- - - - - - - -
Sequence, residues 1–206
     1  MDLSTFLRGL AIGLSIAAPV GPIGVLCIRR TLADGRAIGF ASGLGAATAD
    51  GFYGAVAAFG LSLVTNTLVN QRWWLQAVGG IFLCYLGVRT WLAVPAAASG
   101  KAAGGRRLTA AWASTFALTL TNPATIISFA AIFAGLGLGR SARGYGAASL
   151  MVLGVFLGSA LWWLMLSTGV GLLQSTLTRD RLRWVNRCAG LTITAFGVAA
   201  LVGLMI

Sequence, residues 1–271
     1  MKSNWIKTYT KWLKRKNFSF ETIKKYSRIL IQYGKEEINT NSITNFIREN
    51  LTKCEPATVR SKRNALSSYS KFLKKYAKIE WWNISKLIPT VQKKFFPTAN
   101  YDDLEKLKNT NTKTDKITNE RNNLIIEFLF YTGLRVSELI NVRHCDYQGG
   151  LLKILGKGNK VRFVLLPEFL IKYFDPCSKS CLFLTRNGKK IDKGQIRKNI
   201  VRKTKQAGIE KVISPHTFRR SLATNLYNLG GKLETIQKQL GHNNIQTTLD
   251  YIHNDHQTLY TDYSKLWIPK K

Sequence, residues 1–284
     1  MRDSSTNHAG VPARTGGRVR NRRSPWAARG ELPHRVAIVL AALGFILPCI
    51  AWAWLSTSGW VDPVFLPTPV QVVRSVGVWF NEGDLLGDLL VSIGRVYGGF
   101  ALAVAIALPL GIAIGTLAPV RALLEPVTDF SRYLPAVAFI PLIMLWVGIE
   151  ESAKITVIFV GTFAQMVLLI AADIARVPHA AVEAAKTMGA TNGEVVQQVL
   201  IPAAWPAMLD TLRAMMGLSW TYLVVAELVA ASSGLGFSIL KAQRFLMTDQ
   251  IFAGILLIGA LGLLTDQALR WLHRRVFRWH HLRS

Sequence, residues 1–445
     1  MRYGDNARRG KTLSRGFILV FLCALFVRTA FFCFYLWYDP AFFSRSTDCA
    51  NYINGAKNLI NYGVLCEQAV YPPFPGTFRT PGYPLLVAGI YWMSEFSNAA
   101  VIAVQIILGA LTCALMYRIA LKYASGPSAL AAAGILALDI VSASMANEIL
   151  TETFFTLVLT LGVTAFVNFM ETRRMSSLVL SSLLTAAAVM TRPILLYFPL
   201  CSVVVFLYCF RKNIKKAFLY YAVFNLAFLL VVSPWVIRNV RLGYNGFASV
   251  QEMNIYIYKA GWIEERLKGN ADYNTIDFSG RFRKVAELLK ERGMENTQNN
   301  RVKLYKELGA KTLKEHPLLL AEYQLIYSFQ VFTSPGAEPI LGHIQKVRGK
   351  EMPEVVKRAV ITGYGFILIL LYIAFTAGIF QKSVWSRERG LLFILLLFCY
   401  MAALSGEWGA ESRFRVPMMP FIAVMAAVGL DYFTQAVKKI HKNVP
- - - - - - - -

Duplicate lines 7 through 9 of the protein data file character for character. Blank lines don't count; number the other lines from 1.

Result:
Sequence, residues 1–271
     1  MKSNWIKTYT KWLKRKNFSF ETIKKYSRIL IQYGKEEINT NSITNFIREN
    51  LTKCEPATVR SKRNALSSYS KFLKKYAKIE WWNISKLIPT VQKKFFPTAN